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The Chinese Communist Party 1927-37 – The development of Maoism - Part 1

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As the Chinese Communist Party gathers for its 18th Congress, we look back at the 1925-27 revolution, which was a heroic attempt of the Chinese workers to follow in the footsteps of the October 1917 Russian Revolution. However, due to its unprepared and irresolute leadership, it went down to a tragic defeat. Failed revolutions are always the greatest of tragedies. However, the only way of really honouring the many victims of the counter-revolution that ensued is to study the revolution and learn from its mistakes.

The Development of Chinese Trotskyism and the Heavy Price of the Failed Revolution

It was in fact the heroic defeats of the Paris Commune and the 1905 Russian revolution that created the Bolshevik leadership capable of leading the working class to power in 1917. Marxists therefore could not allow themselves to be lost in despair over the defeat of 1927.

The task for the temporarily defeated Chinese Communist Party (CCP) was to “know how to cling to every ledge, to hold tenaciously to every point of support so as not to tumble down and be smashed” (Leon Trotsky, The Chinese Question after the 6th Congress, 1928). In other words, to hold on to its best cadres and to absorb the harsh lessons of the defeat in order to emerged strengthened once the proletariat had recovered.

The Development of Trotskyism in China

maoMaoBut what was unprecedented about the failure of the Chinese revolution was the new factor of the Stalinised Communist International, whose heavy hand strangled the internal life of its affiliates throughout the world. Because of this the necessary process of free internal debate, self-criticism and reorientation was artificially restricted from without, leading to an enormously distorted development for the Chinese Communist Party. But the need to change course and to understand the tragic mistakes of the party had to take place in some form.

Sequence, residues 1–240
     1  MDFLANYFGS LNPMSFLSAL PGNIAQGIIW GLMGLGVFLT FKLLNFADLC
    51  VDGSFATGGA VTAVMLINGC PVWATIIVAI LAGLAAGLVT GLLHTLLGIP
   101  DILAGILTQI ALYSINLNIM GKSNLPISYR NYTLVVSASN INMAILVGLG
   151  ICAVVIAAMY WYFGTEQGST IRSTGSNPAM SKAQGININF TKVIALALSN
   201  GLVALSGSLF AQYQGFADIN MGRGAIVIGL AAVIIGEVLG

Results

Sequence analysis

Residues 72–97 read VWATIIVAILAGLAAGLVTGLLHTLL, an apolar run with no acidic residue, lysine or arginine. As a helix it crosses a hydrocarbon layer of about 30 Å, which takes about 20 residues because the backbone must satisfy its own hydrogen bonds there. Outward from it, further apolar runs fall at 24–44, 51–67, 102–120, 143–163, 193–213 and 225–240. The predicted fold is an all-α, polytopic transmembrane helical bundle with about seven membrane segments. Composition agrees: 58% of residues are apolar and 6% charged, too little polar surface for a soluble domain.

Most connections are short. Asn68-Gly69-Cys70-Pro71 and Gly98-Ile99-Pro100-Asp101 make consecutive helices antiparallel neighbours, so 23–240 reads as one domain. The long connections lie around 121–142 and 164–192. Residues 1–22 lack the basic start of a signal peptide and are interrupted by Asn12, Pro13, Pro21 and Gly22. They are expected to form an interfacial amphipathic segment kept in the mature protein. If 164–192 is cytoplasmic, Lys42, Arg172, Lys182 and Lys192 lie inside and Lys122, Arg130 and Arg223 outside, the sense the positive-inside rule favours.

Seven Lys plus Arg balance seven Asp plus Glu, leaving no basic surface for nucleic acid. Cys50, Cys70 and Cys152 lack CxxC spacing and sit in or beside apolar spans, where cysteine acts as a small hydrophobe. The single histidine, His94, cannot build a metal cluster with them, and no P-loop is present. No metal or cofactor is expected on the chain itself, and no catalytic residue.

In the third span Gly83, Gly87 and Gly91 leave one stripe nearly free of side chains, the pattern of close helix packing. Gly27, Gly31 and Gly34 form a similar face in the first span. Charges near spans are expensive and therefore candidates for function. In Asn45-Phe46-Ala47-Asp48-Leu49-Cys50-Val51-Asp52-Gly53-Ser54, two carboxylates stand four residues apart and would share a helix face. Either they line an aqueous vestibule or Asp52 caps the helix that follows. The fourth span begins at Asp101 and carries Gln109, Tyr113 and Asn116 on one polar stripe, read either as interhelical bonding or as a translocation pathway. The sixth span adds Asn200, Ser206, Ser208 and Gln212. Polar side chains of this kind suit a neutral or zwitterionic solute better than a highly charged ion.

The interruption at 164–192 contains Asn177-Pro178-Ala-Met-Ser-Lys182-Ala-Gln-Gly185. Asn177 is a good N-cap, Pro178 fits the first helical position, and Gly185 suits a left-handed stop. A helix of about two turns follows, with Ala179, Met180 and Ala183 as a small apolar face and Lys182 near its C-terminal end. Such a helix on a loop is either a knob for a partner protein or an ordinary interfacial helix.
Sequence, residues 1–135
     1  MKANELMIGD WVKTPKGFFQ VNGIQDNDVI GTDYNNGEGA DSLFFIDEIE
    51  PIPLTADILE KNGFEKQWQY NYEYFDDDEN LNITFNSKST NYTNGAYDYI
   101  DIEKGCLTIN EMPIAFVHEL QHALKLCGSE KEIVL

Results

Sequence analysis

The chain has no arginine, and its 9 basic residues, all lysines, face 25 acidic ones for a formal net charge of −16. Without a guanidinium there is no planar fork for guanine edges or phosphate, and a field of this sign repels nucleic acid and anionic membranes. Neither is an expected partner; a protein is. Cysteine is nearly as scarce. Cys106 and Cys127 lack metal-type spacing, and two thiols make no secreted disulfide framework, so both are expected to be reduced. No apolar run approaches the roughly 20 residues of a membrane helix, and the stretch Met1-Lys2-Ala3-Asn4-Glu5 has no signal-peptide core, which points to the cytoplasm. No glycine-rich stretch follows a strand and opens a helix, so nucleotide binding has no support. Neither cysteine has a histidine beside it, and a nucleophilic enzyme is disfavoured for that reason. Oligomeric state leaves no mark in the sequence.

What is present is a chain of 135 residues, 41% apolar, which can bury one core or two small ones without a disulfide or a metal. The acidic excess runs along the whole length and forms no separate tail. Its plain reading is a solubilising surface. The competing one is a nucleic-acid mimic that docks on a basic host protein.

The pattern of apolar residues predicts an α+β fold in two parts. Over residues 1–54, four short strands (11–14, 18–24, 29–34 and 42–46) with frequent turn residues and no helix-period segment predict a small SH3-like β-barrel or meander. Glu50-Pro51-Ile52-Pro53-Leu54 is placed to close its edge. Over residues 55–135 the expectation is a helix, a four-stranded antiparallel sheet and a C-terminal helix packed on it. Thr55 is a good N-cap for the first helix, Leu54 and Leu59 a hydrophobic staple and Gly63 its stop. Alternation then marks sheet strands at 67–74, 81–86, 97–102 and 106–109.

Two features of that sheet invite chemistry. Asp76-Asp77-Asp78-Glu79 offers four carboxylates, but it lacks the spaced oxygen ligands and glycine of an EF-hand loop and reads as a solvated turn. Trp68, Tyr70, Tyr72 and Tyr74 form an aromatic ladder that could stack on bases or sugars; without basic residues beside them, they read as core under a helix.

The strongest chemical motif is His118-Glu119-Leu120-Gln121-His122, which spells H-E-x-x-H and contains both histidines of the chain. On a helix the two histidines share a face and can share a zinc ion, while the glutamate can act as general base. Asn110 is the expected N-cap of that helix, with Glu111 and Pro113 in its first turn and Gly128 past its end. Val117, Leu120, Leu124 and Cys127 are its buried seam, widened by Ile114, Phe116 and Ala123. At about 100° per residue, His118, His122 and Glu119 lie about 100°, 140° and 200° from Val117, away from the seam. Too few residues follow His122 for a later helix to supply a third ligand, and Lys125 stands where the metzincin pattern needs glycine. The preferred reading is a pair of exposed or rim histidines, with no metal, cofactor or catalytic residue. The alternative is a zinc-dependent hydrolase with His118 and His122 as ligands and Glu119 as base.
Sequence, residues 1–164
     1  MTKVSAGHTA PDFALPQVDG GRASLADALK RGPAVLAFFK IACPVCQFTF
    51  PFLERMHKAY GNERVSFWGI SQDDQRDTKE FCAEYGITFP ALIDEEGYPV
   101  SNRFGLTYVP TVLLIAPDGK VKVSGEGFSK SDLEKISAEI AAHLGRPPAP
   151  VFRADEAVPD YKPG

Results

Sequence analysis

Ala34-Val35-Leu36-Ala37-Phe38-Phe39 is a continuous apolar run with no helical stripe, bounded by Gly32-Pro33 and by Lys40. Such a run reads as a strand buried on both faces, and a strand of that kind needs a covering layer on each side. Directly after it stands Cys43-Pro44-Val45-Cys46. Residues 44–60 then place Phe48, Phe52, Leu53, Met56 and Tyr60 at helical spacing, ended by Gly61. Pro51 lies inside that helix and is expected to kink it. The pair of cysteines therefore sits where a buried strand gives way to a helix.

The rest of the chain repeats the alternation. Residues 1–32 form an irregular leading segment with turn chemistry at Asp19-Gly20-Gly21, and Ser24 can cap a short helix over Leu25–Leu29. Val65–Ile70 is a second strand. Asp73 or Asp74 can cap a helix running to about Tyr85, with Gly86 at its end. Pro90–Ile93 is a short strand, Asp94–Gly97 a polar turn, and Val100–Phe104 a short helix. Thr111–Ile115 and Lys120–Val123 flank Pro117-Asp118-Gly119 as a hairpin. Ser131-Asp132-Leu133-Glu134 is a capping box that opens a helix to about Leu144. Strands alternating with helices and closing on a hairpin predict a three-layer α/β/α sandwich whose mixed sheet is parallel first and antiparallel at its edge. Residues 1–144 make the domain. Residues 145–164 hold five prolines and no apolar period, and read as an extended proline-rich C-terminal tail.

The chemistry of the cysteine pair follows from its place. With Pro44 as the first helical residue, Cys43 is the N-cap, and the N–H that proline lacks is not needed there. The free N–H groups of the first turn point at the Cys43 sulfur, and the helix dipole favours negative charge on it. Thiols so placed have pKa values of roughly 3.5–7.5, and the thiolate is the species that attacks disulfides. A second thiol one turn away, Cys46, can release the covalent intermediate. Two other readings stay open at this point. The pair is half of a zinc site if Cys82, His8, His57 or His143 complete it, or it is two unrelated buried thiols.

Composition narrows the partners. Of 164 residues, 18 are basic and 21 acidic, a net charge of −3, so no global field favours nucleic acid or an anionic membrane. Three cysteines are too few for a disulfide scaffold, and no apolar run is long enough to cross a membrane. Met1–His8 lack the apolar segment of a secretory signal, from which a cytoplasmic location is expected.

It did so with a dual character; the bulk of the party, remaining under Moscow’s dictatorship, was destined to suffer from the demoralising experience of constant changes in and purges of the CCP’s leadership. Moscow always blamed the local leadership for each and every defeat to prevent the party from understanding the real causes of failure - the opportunism of the Moscow bureaucracy. This confusing process was destined to lead to the development of Maoism, that is the transfer of the party’s base from the working class to the peasantry, since the inability to learn the real lessons of 1927 made it impossible to ‘cling to every ledge, to hold tenaciously to every point of support’ in the cities.

However, a minority of the party, despite its immense numerical and financial weaknesses, and with all of the Comintern bureaucracy aimed against it, took onboard the need for the party to bravely and honestly tell the truth to the Chinese Communists. They understood and explained that Stalin was to blame for the fundamentally false strategy of subordination to Chiang Kai-shek; that the defeat this engendered was so severe that it would take many years for the proletariat and the labour movement to recover; and that consequently it was necessary for the CCP to soberly adapt its slogans and strategy to the new, counterrevolutionary epoch. The ultimate truth was that the Marxists of China and the world had to wage a struggle in the Communist movement against the disease of Stalinism.